Best Doctor Who Monsters, Ranked - VRGyani News and Media

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Saturday, September 11, 2021

Best Doctor Who Monsters, Ranked

Doctor Who continues to engage fans internationally with interactive, brain-provoking science that leaves any viewer instantly captivated. Through the decades, there have been episodes for every kind of viewer, but for horror fans, there are few storylines that dive deep into the nature of primal human fears. We’ve seen our share of PG-13 frights in the show with the 21st century Doctor incarnations. From killer mannequins that jumpstarts Rose Tyler (Billie Piper) and the Ninth Doctor’s (Christopher Eccelston) emotional ventures to the feasting Vashta Nerada plucking off River Song’s (Alex Kingston) archeology team, the show experiments with a variety of spooky alien species and offers unique tales that follow them.

Although the Thirteenth Doctor, (Jodie Whittaker), will be exiting her role after Series 13 and some 2022 specials, the show has a multitude of directions to veer in. Since Whittaker took the stage, the Whovian writers’ team has done well scripting themes related to gender equality, racial disparities, and even issues with capitalism! Whittaker shines and has defended her role as the first female Doctor, brilliantly capturing the icon’s issue with senseless deaths of strangers and companions alike. The writing for the series has established the quirks, humor, homage, and individuality for Thirteen. It would be fantastic if new horror-driven episodes could set the platform for the Doctor to more fully conquer her grief that she’s spent centuries running away from.

Here are some of the best episodes that drive the creep factor with some of the scariest creatures that deserve a comeback alongside the Thirteenth Doctor.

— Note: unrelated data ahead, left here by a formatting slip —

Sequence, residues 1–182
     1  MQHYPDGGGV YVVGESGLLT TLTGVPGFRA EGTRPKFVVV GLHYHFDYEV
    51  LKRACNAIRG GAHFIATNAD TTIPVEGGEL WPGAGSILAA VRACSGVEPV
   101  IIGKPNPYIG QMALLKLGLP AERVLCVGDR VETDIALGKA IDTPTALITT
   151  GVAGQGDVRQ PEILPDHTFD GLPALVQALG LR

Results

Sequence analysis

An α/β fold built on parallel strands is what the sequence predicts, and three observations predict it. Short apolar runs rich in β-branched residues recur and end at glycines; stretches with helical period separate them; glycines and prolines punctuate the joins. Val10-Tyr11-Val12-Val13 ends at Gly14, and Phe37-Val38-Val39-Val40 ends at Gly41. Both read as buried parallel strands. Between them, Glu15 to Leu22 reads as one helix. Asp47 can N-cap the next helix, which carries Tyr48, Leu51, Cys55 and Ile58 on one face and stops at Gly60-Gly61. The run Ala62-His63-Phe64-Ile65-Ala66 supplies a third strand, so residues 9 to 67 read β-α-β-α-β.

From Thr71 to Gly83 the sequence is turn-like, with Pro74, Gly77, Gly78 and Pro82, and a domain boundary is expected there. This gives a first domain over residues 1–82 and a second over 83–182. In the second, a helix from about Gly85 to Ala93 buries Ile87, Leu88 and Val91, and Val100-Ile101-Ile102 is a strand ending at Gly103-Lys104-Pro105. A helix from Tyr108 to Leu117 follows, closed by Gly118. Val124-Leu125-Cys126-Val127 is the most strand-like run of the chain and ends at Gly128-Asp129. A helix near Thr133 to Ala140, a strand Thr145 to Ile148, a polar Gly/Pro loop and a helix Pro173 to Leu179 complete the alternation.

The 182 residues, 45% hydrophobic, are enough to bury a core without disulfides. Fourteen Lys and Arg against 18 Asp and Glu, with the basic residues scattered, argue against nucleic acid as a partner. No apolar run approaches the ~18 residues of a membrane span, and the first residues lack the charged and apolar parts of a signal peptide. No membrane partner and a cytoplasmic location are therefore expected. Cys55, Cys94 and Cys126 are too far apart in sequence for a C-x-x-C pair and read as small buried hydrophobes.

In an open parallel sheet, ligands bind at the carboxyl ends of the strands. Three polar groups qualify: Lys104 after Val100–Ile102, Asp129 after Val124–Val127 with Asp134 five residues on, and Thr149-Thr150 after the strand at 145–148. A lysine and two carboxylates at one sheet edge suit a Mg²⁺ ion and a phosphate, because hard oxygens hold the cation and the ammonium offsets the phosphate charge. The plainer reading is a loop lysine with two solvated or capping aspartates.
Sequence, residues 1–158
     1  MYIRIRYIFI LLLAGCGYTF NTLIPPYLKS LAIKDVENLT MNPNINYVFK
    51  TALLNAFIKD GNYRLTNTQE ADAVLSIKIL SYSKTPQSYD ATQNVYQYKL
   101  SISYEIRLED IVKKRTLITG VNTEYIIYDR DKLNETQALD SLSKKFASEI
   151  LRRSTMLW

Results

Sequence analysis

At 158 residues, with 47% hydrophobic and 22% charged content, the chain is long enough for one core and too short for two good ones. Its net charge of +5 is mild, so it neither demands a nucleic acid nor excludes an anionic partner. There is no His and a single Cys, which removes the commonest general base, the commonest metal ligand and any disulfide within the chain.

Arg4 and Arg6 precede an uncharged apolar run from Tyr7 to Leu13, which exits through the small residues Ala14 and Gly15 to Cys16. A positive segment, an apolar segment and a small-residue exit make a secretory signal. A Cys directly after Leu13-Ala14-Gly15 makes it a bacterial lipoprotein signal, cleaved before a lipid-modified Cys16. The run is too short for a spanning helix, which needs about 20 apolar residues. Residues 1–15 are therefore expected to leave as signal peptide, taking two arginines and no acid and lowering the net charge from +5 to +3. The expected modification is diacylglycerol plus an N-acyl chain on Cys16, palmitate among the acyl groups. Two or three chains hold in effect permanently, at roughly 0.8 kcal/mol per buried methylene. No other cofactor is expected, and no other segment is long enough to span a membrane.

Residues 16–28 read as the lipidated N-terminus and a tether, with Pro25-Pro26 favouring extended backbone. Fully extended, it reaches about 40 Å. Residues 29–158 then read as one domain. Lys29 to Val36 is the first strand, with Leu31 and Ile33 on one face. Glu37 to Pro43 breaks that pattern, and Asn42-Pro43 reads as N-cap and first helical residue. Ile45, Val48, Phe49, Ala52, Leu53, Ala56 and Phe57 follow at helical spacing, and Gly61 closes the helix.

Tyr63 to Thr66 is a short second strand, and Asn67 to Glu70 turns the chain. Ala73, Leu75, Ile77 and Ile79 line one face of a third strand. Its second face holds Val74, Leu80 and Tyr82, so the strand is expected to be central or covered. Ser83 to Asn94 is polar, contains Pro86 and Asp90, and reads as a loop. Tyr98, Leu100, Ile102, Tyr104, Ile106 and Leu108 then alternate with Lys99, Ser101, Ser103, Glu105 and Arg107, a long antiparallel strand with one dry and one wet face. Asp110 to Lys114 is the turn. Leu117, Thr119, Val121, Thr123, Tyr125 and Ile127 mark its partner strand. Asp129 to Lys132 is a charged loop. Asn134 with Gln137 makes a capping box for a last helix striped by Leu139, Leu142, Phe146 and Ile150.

RELATED: 5 Moments That Prove Christopher Eccleston’s Doctor Was the Best

In Series 3, Episode 10, we meet Sally Sparrow (Carey Mulligan) and her keen eye for detail. The highly revered Tenth Doctor (David Tennant) tackled the Weeping Angels as they manipulated timelines of friends and acquaintances surrounding Sally. The Angels continue to pop up well into Series 6 terrifying all the people they consume. With their split-second motion, the Weeping Angels play with their victims with no remorse for their time-altering attacks. And the sole defense against them is: “Don’t Blink!” Their greatest fear of being witnessed ends as their ultimate punishment if cleverly tricked: if an Angel sees another Angel they are fated to an eternity of looking at each other, locked in that moment. These beings do not speak and stand still with ominous expressions, slick smiles, or covered eyes. Their silence plays out as their most effective ploy in feeding off the life force of their prey.

For humanity, they appear as statues, and once they isolate people, the Angels force them into a former time period, with the only option of living through a misplaced era while they feed, revisiting their victims in their final moments. Sticking to the abyss, the Angels induce unsettling terror with their agility and relocation that forces anyone to second guess themselves and to dismiss the silly notion that a statue can’t move… Right?

6. The Figure (“Listen”)